A family loved the views from the home they had purchased in Austin, Texas, but they didn’t love the house. The windows and doors were small, the rooms were dark, and the ceilings were low.
Natural daylight pours into a combined dining and den area through a picture window flanked by fenestration
A 90-degree configuration of multi-slide doors provides uninterrupted views and a seamless connection from the inside to the outdoors.
The natural landscape can now be seen from throughout the house, starting with a hinged door at the front of the home and ending with a moving wall of glass at the back. “The views are really just wonderful,” Richardson says. “The windows can be open almost all year long to this view. That’s something we wanted to celebrate.”
One challenge Richardson faced was making the home seem bigger while working within the limitations of the original framework. “We couldn’t have built a new house this big on this lot. So, we had to accept this 9-foot ceiling height and work with it. Part of how we did that was to have this very horizontal space that had a lot of glass, which is where the Western Window Systems window wall comes in,” Richardson says. “Because we had all that openness, it doesn’t seem like you’re in a room with low ceiling space.”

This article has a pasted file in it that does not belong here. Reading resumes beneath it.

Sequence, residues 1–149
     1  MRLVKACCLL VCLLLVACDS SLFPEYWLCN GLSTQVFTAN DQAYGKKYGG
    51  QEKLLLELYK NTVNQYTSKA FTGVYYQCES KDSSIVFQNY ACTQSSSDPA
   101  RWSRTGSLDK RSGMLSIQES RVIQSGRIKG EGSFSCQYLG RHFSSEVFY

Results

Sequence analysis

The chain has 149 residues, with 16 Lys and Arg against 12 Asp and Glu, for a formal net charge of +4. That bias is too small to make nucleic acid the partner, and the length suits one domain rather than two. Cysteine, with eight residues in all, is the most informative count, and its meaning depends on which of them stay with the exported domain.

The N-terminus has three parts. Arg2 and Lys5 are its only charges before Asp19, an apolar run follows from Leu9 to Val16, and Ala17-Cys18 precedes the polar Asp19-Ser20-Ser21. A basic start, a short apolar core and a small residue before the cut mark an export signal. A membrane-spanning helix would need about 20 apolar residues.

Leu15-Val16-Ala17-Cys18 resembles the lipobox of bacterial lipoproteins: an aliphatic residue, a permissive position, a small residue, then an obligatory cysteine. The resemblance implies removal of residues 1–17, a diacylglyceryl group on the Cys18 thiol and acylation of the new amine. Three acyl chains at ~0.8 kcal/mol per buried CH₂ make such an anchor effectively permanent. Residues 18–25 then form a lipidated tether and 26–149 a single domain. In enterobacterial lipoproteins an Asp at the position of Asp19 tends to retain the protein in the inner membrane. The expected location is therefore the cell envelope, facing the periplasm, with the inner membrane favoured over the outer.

The entrance of the home has a meditative, Zen Garden-like vibe, enhanced by a hinged door and floor-to-ceiling glass.
A window wall connected to an open-corner configuration of multi-slide doors creates a moving façade of glass that opens to the backyard deck.
“The homeowners were really interested in this oblique corner slider, which is about turning that window wall around a corner, but also kind of opening in the corner to the kitchen that was at an oblique angle to the outdoor space,” Richardson says. “That corner slider really makes the space. It’s amazing when you open it up and can see all the way from the kitchen to across the property.”
Richardson says this part of the home is his favorite. “That window wall stretches across two-thirds of the home and it’s this beautiful orienting device when you’re walking through,” he says. “You feel it throughout the house, the landscape beyond.”